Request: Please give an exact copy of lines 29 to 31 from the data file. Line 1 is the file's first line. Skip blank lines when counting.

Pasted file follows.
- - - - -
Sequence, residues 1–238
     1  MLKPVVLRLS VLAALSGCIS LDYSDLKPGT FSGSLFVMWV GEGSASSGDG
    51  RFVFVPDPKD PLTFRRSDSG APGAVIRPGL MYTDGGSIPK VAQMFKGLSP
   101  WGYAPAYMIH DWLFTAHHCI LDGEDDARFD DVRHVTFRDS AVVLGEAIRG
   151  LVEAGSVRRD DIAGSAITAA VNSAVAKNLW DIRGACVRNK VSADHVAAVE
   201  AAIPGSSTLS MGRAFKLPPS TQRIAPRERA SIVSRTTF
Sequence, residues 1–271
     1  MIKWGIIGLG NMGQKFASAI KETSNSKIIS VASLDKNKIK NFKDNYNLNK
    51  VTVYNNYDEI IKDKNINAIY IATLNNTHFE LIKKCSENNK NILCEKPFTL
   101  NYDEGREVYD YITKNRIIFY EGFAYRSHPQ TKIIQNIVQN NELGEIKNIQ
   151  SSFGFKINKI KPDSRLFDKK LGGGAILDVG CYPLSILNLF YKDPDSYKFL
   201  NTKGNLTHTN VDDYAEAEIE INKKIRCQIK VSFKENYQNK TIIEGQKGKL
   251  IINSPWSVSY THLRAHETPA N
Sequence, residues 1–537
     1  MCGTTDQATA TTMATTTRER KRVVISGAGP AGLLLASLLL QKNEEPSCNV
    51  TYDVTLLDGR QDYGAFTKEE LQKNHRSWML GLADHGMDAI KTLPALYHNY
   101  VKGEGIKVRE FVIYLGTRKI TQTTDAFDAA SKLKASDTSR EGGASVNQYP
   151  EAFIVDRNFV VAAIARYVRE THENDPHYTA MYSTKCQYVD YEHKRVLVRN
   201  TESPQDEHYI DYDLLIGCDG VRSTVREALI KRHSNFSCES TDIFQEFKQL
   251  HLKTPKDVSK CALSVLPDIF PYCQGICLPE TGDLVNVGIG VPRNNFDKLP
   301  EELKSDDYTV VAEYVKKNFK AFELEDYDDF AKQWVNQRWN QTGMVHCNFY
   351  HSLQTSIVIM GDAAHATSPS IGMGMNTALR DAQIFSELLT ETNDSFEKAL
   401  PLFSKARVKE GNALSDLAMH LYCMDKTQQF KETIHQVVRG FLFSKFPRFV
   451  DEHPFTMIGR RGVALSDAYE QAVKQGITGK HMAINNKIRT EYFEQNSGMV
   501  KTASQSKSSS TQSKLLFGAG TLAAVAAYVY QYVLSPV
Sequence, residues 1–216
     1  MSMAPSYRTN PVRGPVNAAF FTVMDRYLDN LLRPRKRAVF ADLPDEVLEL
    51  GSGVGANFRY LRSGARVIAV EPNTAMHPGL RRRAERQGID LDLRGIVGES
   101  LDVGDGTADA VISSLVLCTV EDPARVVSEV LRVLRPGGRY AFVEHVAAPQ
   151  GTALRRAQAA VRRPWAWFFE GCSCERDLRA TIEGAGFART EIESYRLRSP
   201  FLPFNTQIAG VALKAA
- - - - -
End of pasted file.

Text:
   101  LDVGDGTADA VISSLVLCTV EDPARVVSEV LRVLRPGGRY AFVEHVAAPQ
   151  GTALRRAQAA VRRPWAWFFE GCSCERDLRA TIEGAGFART EIESYRLRSP
   201  FLPFNTQIAG VALKAA